Wittgenstein goes on to clarify that the pictorial form that a picture has in common with reality is really logical form. He says, “What any picture, of whatever from, must have in common with reality, in order to be able to depict it . . . is logical form, i.e. the form of reality” (2.18). Not all pictures are spatial, but all pictures are logical pictures. There is a logical structure in our pictures that mirrors the logical structure of reality. The pictures that Wittgenstein has in mind are clearly not images because he says that not all our pictures are spatial but all our pictures are logical (2.182). More properly speaking a picture does not merely have a pictorial form but a logico-pictorial form (2.19). This becomes crucial because logical structure is what determines the form of our pictures and the possibility of depiction of states of affairs. And this is why, for Wittgenstein, we cannot think illogically (3.03). The rules of logic are the rules that determine the possible states of affairs that can be represented in our picture. Really we cannot even think or say what it would mean for something to be illogical. He says, “It used to be said that God could create anything except what would be contrary to the laws of logic. – The truth is that we could not say what an ‘illogical’ world would look like” (3.031). And in 3.032 “It is as impossible to represent in language anything ‘contradicts logic’ as it is in geometry to represent by it coordinates a figure that contradicts the laws of space, or to give the co-ordinates of a point that does not exist.” When speaking about things that are ‘illogical’ and ‘contradict logic’ Wittgenstein uses quotation marks to indicate that he is not really saying anything by those terms because there is nothing that can be said about something that contradicts logic because logic dictates the rules regarding what we can think and say. To say something illogical is like trying to give the co-ordinates for a point that does not exist. And with that we are now in a position to see exactly how Wittgenstein’s argument is supposed to work.

At 2.173 Wittgenstein says that “A picture represents its subject from a position outside it” and “Its standpoint is its representational form.” What I take him to mean is that the logico-pictorial form of reality, and our pictures of reality, is a kind structure i.e it is determinate. It is confusing because he calls the structure of our picture the ‘the logico-pictorial form’, or sometimes just the “pictorial form’, of our picture. It is a kind of form in that it represents the possibility of the structure of objects but it is a structure in that it is a determinate set of possibilities. So what he means when he says that “A picture represents its subject from a position outside it” is that to depict our logico-pictorial form we would have to depict the form of our logico-pictorial form i.e the possibilities of the structure our logico-pictorial form. A picture shows the structure of its pictorial form but it does not show its form i.e it does not depict the structure of its pictorial form. A picture depicts the form of objects but cannot depict the structure of its logico-pictorial form. What is implied by Wittgenstein’s account, which is the one thing he is not explicit about, is that there are levels of form and structure, the form and structure of objects and the form and structure of our logico-pictorial form:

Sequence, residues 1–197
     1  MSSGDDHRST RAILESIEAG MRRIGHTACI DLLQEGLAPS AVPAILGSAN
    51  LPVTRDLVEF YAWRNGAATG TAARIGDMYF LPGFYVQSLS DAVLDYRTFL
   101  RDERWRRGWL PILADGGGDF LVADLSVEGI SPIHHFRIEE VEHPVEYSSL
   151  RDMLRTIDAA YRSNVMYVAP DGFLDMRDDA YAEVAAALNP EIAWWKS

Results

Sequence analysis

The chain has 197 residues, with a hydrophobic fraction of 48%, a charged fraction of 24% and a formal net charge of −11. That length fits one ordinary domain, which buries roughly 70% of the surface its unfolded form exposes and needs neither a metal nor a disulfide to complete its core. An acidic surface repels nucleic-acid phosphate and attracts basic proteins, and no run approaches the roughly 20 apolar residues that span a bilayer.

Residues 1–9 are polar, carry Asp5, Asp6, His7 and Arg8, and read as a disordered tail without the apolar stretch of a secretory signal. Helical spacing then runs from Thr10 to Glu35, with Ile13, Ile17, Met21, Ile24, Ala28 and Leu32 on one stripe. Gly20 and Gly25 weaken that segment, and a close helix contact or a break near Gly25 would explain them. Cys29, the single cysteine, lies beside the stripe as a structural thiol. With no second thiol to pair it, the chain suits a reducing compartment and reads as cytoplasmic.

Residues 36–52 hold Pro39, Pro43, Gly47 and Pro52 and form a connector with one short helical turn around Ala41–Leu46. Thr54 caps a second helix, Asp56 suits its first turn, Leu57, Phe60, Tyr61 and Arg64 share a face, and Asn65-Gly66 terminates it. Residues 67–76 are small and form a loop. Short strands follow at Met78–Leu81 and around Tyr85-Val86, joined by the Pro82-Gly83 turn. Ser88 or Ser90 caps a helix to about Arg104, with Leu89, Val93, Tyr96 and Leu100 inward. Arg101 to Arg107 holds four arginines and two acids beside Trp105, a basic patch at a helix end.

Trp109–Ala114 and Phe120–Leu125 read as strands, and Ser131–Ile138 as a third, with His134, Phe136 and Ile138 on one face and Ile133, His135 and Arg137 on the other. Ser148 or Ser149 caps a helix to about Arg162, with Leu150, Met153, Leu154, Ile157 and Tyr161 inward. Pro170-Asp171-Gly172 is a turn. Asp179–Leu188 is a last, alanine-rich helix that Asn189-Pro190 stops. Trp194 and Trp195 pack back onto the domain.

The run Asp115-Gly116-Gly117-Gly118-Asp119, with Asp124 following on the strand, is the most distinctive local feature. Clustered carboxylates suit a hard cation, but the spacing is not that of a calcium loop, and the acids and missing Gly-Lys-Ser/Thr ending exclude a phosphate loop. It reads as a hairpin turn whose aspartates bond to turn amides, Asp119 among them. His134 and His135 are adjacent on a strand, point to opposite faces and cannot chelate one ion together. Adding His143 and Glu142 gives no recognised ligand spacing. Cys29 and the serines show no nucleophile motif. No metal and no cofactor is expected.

First Order Form and Structure:

(S1): The structure of objects i.e. The determinate way that things are in reality and in our picture of reality.

(F1): The form of objects i.e. All the logically possible states of affairs of the objects in our pictures of reality

Second Order Form and Structure:

(S2): The structure of the logico-pictorial form of our picture i.e the determinate structure of our picture that determines what possibilities (F1) it can represent.

(F2): The form of the logico-pictorial form of our picture i.e. all the possible structures of logico-pictorial form.

Third Order Form and Structure:

(S3): The Structure of the logico-pictorial form that would be required to depict (S2).

So, what Wittgenstein means when he says that “a picture represents its subject from a position outside it” is that a higher order structure is required to depict the possibilities of form. To depict the possibilities of objects (F1)we must use a picture capable of depicting objects as they are and all the logically possible states of affairs of those objects (S2). The terminology is slightly misleading because the ‘form’ in ‘logico-pictorial form’ refers to F1, the form of objects, so although it represents the form, or the possibilities, of objects it is a structure, the structure of our ‘logico-pictorial’ picture (S2). The key point here is that the total set of the possibilities of objects (F1) form a determinate set of possibilities of representation (S2). So, to depict objects we must depict their possibilities, which requires a position “outside” of the objects, a position that can represent the determinate way the objects are as well as all the possible ways that objects could be. This is so, for Wittgenstein, because of what we earlier introduce as Wittgenstein’s Possibility Principle (If I know an object then I also know all its possible occurrences in states of affairs.)